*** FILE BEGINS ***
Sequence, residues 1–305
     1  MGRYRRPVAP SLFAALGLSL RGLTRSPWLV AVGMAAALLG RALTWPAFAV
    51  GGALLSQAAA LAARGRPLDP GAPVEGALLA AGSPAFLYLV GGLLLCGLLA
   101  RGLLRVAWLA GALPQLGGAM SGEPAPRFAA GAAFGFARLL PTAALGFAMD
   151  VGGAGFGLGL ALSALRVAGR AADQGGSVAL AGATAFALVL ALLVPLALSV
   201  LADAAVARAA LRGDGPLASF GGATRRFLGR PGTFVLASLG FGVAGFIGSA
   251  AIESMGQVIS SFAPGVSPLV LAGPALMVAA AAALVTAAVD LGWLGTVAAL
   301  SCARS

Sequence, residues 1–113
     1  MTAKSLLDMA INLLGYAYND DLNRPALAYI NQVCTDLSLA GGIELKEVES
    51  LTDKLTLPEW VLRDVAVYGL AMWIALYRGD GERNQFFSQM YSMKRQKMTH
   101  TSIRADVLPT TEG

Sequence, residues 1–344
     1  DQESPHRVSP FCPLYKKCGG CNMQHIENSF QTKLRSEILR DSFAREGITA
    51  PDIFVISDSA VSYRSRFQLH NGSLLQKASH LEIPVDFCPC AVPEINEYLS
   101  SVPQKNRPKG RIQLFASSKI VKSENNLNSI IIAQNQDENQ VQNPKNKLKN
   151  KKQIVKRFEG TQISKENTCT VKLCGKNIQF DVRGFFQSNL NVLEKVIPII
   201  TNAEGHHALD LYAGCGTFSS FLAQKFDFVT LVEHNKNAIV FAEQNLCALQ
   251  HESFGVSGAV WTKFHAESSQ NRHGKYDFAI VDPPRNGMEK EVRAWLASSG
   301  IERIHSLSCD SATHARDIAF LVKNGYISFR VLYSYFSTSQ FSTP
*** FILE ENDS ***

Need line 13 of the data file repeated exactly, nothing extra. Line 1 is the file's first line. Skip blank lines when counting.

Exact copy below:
Sequence, residues 1–344